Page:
The Future of Productivity: Teamwork and Collaboration
Grow Your Business, Not Your Inbox
I recently wrote about the ways AI and machine learning will impact productivity. For this article, I'm focusing on teamwork and collaboration. I reached out to founders, productivity experts and futurists who work in this space every day to ask what their predictions are for the next five and 10 years. Their answers were enlightening.
The future isn’t just coming for personal productivity; experts also believe that advances in technology will strongly affect teams and organizations. From productivity platforms that seamlessly integrate the tools we depend on, to new ways to collaborate in an ever-more diverse and distributed workforce, here’s how the future will affect team productivity.
Embrace the power of teams.
When I asked Dom Price, the head of R&D at Atlassian, he said, “The future of productivity is all about unleashing the potential of your teams.” According to him, “90 percent of organizations claim to be tackling issues so complex they need teams to solve them.” This doesn’t bode well for organizations in which collaboration has not become a priority.
Price further stated that, “Diversity, distribution, timezones, cultural differences and hierarchical reporting lines all make teamwork hard. We all need to unlearn some old ways of working, and embrace diversity, inclusion and better collaboration to drive team productivity in this new era of work.” I think that as teams become more distributed in the modern workforce, wether its because of politics or the war for talent, collaboration is the number one factor that companies need to implement.
It started with email.
Bret Taylor, former CTO of Facebook, inventor of the “Like” button and co-founder of productivity suite Quip, sees a solution to this challenge in the way communication has changed to become less formal in recent years. He believes that “connected, mobile and social -- work is about communication. It's about people sharing work, ideas and opinions.”
Like many of the experts I spoke to, Taylor sees the future in the form of modern productivity suites that are no longer just “designed to augment email.” “Combining content and communication into a single, seamless experience -- word processing, spreadsheets, chat, checklists, live editing and much more. Everything will happen in one place, vastly reducing the need for teams to send long email threads with clunky attachments, or waste time in endless meetings.”
Visual communication moves up.
Others see the solution to this challenge in the form of even more casual communication techniques. Wendy Hamilton, CEO of TechSmith, sees the future in video and screencasting.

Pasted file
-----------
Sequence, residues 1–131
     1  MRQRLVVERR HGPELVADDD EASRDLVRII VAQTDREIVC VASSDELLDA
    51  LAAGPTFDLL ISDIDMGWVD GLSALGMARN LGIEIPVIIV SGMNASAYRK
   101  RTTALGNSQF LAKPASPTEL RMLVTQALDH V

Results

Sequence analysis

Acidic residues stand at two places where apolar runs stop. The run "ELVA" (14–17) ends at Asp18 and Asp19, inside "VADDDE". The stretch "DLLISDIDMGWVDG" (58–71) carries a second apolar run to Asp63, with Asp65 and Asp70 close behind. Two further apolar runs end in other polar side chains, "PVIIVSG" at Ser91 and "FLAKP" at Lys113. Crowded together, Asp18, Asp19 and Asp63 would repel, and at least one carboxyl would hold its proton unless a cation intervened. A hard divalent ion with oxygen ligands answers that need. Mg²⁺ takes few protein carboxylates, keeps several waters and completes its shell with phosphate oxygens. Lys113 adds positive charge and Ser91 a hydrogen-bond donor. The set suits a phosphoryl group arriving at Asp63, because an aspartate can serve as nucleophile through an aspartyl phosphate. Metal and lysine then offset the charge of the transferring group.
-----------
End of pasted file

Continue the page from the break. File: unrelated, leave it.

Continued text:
“As younger workers progress higher in their careers, they are setting the standard for communication in a workplace and they are leading with a preference for visual communication.”
She believes that “from corporate training to marketing, video will become ingrained in the fabric of how companies operate, both internally and externally.”
“Businesses both small and large are using this technique to demonstrate processes, improve communication efficiency and effectiveness, increase productivity and eliminate unnecessary meetings,” she adds.
Informal communication is on the rise.
Project management and productivity writer for Gartner and Capterra, Rachel Burger, agrees. “Many workers are already used to collaboration tools like Slack and its alternatives. To them, particularly millennial workers, formal project management software, like Microsoft Project or VersionOne, seem cumbersome and clunky. The millennial workforce simply doesn't want to work with these tools.”
Like Hamilton and Taylor, she sees informal communication replacing traditional project management tools in the workplace. However, she cautions that “collaboration software can never fully replace project management.” Citing a Gartner report, she states, “Adopting these systems will require strong change management skills from the lead project manager. In the world of productivity, the transition may lead to an initial disorganization until common collaboration tools can create more effective tracking and filtering systems per project.”
Teams are embracing technologies.
I tend to agree. While I don’t believe that visual communication will ever replace all other forms of communication, I do see a strong trend towards visual work as a faster way to productivity. It also allows remote teams to feel more like a part of the organization. Think about how VR could revolutionize the way we work -- putting distributed teams in the same virtual room for meetings.
For now though, the future of team collaboration will definitely be mobile, facilitated almost entirely by the smartphone in the near future. In 10 years' time though, I see a future that will include augmented processes and machine learning. Information being sent to you from your environment, whether it’s from Alexa in the corner of your living room or a notification sent to your phone via geo-tracking giving information about a person you’re meeting as you arrive. There is no doubt that collaboration will continue to evolve as new technologies become available. Just look how the iPhone changed communication.